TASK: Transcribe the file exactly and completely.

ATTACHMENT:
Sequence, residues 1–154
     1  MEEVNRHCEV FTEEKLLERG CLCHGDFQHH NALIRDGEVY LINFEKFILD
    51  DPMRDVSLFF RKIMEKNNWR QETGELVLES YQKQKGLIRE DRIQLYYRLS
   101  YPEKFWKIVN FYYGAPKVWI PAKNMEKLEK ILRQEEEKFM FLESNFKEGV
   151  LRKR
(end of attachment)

Sequence, residues 1–154
     1  MEEVNRHCEV FTEEKLLERG CLCHGDFQHH NALIRDGEVY LINFEKFILD
    51  DPMRDVSLFF RKIMEKNNWR QETGELVLES YQKQKGLIRE DRIQLYYRLS
   101  YPEKFWKIVN FYYGAPKVWI PAKNMEKLEK ILRQEEEKFM FLESNFKEGV
   151  LRKR